Living with and beyond cancer top research priorities in the UK – priority setting partnership


Session type:

Feng Li1,Ian Lewis1,Adrienne Morgan2,Angela McCullagh1,Anne Johnson3,Ceinwen Giles4,Diana Greenfield5,Graeme Crawford6,Jacqui Gath2,Jane Lyons7,Jervoise Andreyev8,Jonathan Tobutt9,Julia Tugwell1,Karen Robb10,Laura Cove-Smith11,Lindsey Bennister12,Natalie Doyle13,Nicolas Lee14,Rebecca Nash14,Richard Simcock15,Richard Stephens1,Sabine Best16,Stuart Griffiths1,Susan Moug17,Sandra Regan18,Patricia Ellis18

1National Cancer Research Institute,2Independent Cancer Patients’ Voice,3Velindre NHS Trust,4Shine Cancer Support,5Sheffield Teaching Hospitals NHS Foundation Trust,6Bangor Health Centre,7Cancer 52,8United Lincolnshire Hospitals NHS Trust,9Kirkwood Hospice, Huddersfield,10Transforming Cancer Services Team in London,11The Christie NHS Foundation Trust,12Sarcoma UK,13The Royal Marsden NHS Foundation Trust,14Macmillan Cancer Support,15Brighton and Sussex University Hospital Trust,16Marie Curie,17Royal Alexandra Hospital Paisley, NHS Greater Glasgow and Clyde,18The James Lind Alliance



More and more people are living with the consequences of cancer and its treatment (living with and beyond cancer), yet the level of relevant research is low compared to other types of cancer research in the UK. NCRI aims to increase the level of research in this area and to ultimately improve the lives of those affected by cancer. Undefined research priorities in this broad area has been a barrier to research. The 2015 NHS Independent Cancer Taskforce report also recommends defining research priorities and to enable this research to happen. To address this barrier the NCRI has undertaken a James Lind Alliance Priority Setting Partnership (PSP) to identify priorities that matter most to people affected by cancer and the health and social care professionals.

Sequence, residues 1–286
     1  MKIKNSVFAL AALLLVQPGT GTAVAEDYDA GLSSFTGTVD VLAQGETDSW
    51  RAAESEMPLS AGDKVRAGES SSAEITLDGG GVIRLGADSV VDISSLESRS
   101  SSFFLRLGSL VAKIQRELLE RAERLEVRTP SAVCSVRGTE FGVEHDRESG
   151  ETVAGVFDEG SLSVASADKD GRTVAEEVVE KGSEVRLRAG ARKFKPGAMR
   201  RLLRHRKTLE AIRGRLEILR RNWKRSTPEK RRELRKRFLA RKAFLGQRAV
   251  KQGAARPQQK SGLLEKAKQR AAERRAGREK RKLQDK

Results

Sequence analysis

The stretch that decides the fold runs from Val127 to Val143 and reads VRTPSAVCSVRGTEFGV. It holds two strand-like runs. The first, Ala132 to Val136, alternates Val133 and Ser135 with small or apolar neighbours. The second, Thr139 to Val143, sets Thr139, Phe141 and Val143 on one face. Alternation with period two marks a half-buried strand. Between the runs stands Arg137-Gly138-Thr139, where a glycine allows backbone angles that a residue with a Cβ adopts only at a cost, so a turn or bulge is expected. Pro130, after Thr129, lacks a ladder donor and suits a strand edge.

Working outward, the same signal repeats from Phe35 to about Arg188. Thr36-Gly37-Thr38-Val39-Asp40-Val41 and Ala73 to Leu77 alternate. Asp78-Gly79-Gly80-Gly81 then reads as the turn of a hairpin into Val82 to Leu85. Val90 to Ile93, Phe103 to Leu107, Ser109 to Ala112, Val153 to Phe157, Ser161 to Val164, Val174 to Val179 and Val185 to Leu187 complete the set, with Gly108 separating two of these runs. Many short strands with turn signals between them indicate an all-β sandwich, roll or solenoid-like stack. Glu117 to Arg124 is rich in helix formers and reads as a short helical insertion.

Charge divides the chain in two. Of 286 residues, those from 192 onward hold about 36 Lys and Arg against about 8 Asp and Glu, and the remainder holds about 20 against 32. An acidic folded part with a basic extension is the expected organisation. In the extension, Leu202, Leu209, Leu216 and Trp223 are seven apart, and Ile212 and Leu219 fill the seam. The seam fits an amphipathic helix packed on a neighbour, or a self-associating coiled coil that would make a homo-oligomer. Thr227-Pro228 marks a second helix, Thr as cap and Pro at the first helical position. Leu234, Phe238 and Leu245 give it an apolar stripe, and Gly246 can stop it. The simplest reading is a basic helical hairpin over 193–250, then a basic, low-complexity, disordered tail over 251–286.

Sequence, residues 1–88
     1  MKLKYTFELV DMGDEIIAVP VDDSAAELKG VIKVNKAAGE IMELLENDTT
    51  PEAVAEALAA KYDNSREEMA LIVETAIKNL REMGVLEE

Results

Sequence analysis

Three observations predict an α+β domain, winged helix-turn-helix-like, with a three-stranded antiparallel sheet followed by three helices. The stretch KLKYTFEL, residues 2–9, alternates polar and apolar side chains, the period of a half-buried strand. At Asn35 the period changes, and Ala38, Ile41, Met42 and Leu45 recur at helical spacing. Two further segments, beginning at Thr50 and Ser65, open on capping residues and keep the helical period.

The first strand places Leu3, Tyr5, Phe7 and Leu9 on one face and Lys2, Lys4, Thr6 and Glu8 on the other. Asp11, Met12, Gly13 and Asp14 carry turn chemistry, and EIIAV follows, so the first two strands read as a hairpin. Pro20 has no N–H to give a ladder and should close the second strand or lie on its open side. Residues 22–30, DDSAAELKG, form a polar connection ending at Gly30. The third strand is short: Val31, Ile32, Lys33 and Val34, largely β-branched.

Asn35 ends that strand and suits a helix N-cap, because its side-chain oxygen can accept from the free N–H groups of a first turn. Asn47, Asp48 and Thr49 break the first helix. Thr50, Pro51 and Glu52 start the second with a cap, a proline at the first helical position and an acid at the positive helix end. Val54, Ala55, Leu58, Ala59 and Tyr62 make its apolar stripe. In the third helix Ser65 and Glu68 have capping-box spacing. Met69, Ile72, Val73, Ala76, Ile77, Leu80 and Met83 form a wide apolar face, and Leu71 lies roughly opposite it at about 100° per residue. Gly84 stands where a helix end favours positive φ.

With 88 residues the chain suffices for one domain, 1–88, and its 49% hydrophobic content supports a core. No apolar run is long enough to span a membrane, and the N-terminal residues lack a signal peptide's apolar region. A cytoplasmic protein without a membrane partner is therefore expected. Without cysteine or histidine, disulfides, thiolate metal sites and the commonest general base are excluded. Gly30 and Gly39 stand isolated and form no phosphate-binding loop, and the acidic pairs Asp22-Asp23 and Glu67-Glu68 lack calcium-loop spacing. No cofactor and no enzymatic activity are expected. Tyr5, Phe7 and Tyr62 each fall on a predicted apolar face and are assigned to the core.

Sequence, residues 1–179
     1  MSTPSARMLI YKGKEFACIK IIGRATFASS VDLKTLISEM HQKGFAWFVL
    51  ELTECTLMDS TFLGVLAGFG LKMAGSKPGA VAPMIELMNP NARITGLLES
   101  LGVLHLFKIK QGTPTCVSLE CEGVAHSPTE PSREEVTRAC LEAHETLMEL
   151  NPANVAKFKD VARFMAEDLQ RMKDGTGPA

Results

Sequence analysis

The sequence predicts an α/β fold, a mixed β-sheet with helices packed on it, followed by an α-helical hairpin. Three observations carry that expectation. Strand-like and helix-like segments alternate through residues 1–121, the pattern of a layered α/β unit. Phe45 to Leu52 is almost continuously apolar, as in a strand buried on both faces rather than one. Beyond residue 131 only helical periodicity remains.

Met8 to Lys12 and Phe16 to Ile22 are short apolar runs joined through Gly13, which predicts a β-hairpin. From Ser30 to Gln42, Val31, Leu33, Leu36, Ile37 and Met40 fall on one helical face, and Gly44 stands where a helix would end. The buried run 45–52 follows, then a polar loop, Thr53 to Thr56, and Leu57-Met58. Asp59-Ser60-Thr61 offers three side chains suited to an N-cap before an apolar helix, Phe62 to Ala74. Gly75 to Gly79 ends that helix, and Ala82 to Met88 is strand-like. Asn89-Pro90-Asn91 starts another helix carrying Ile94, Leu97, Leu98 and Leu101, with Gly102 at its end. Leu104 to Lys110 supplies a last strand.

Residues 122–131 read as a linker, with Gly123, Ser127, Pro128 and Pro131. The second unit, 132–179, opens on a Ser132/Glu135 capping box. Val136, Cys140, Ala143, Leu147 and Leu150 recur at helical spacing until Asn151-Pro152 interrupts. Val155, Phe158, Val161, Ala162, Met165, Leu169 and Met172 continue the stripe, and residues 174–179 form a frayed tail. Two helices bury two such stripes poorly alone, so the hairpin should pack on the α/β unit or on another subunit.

A PSP consists of patients and carers, health and social care professionals. PSPs have several stages and begin with a UK-wide survey to gather questions about uncertainties in living with and beyond cancer. Once the results were analysed, an interim exercise takes place to further prioritise the uncertainties. The last stage is a final workshop where partners debate and finally arrive at a top 10 list of shared uncertainties.


The living with and beyond cancer PSP received 3500 questions submitted by people affected by cancer and healthcare professionals. Through a 18-month rigorous process, the questions are prioritised down to the Top 10 living with and beyond cancer priorities for research in June 2018. The Top 10 will be unveiled at the NCRI conference.


The Top 10 uncertainties will be publicised widely to ensure that researchers and those who fund research really understand what matters to people affected by cancer. The top uncertainties will be promoted to many research organizations and relevant funders in the UK. We anticipate they will directly influence future research.